A wide shot of a concert


Four Spiritual Laws from Taylor Swift’s Eras Tour

Caleb Mathis

16 mins

Summer 2023 belongs to Tay-Tay — and it has not been a cruel one.

The Eras Tour, Taylor Swift’s first musical excursion since before the pandemic, is selling out stadiums and breaking records. It destroyed the Internet when tickets went on sale back in November, and by the time it wraps up next summer, it’s expected to make over $1 billion, claiming the title of the most successful tour in history (Sorry, Sir Elton.)

She recently came through my hometown, Cincinnati, and my wife and I got to attend. In a word, it was un-freaking-believable.

(I’ll be honest—when we got the tickets, I thought I was purchasing a gift for my wife—that I’d earn some husband points for tagging along. I was too “manly” to admit that Taylor’s music is pretty rad. Not anymore. I’m all in. But love her or leave her, there’s one thing we can all agree on: Taylor’s figured out the secret to success. There’s something here we can all chew on.)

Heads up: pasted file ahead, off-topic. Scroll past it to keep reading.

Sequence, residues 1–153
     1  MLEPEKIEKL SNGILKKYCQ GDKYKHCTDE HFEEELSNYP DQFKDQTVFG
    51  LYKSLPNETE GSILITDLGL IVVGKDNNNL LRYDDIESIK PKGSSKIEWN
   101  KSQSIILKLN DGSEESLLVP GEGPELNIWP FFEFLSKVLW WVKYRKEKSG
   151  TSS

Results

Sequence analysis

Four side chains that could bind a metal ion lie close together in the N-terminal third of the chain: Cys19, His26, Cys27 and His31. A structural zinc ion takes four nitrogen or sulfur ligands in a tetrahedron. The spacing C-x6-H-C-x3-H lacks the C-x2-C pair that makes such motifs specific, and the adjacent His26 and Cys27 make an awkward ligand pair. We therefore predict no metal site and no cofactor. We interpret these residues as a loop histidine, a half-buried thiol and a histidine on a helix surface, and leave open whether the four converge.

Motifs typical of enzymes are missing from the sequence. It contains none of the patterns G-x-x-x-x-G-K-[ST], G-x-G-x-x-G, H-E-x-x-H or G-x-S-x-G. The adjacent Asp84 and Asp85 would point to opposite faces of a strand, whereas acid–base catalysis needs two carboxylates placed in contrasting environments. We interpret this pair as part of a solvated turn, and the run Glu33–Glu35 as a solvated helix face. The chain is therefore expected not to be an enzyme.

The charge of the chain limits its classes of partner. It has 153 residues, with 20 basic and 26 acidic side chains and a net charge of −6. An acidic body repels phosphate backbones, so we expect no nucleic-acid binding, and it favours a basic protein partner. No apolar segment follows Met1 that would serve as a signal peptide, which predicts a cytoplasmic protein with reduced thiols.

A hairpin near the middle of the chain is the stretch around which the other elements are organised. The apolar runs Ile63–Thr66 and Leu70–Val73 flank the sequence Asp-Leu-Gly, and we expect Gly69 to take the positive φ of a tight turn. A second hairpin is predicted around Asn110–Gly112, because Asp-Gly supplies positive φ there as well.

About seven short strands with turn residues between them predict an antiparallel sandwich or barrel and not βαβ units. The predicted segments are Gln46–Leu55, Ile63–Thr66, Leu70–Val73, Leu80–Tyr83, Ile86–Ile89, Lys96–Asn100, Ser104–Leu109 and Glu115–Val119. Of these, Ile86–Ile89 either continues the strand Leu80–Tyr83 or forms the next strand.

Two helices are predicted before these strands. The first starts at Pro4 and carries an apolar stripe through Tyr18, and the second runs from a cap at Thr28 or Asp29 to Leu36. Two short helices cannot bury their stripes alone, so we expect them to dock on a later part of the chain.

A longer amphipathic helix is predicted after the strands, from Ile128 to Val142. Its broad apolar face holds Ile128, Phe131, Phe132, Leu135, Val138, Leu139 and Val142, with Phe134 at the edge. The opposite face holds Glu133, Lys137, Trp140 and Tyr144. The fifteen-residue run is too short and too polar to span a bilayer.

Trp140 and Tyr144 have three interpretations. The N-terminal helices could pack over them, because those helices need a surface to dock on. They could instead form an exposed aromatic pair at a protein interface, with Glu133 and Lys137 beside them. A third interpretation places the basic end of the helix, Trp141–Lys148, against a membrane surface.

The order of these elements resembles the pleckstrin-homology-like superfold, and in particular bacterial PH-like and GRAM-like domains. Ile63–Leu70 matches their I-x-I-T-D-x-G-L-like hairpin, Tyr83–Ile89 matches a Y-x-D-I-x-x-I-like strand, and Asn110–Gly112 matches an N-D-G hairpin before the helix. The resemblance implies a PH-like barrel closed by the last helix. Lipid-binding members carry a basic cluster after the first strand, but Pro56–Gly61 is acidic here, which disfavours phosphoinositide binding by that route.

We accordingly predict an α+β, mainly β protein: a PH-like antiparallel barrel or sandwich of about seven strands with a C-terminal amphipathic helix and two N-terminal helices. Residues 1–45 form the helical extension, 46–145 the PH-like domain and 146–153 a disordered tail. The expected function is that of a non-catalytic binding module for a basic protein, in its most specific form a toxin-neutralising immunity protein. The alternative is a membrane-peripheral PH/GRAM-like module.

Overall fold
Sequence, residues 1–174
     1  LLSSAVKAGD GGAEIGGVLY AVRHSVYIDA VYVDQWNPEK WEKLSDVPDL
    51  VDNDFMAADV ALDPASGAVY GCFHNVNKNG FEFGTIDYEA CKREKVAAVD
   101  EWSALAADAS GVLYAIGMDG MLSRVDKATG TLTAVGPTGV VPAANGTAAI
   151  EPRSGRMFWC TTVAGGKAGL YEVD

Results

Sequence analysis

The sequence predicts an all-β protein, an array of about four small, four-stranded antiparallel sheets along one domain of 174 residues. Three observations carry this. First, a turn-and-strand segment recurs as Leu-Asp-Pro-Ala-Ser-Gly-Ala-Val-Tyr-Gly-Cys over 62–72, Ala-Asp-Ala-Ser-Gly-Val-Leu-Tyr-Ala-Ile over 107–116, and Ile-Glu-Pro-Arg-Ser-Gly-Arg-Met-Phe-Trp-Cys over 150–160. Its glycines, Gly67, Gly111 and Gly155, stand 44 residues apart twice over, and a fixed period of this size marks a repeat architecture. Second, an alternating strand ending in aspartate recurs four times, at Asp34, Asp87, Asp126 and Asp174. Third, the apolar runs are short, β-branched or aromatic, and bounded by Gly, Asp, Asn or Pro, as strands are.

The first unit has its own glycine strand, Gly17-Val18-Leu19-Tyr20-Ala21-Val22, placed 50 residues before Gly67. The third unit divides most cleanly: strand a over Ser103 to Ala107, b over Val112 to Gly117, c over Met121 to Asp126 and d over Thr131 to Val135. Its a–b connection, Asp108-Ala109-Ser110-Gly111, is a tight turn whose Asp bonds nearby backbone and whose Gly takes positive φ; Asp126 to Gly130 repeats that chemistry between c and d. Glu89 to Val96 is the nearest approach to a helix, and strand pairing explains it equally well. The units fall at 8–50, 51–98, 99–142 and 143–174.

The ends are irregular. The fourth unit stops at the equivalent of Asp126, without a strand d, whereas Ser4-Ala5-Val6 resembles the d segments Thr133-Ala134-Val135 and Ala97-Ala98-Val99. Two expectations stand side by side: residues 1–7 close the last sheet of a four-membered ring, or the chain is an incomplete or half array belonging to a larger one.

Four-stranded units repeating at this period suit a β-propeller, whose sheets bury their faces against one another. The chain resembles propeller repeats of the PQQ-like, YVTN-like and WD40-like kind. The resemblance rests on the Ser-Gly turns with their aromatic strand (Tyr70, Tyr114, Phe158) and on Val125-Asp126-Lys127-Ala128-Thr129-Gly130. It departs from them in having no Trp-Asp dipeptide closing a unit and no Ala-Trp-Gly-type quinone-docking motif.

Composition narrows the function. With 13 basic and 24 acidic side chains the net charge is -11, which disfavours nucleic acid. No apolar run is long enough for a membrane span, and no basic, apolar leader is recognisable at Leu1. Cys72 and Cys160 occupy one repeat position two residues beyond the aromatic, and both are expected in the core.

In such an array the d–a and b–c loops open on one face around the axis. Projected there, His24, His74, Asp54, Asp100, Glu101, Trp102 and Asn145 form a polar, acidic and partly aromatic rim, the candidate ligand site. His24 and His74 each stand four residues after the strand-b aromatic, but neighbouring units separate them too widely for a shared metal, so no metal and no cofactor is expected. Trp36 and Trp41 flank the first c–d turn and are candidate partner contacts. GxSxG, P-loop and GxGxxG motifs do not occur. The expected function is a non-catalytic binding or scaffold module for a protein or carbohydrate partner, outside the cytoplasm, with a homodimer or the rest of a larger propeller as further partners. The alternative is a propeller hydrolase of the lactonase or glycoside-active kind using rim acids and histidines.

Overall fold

In Cincinnati, a 45-song set list took us through nine of her albums. An immersive stage experience, which included multiple set changes and widely creative video components, complimented the music. A live backing band and dancers tore the roof off. And we were treated to over three hours of nonstop effort from the star of the show.

Taylor Swift Cincinnati Concert

But as the lavender haze of that night began to settle, it was the spiritual laws I bumped into along the way that are sticking with me.

I don’t claim to know where Taylor stands on faith, but I agree with Saint Augustine, who, a millennia ago, wrote that “All truth is God’s truth.”

At the Eras Tour, there was some major truth on display. And more than sore vocal cords, friendship bracelets, and a bucket list experience, these are the four lessons I’m taking away: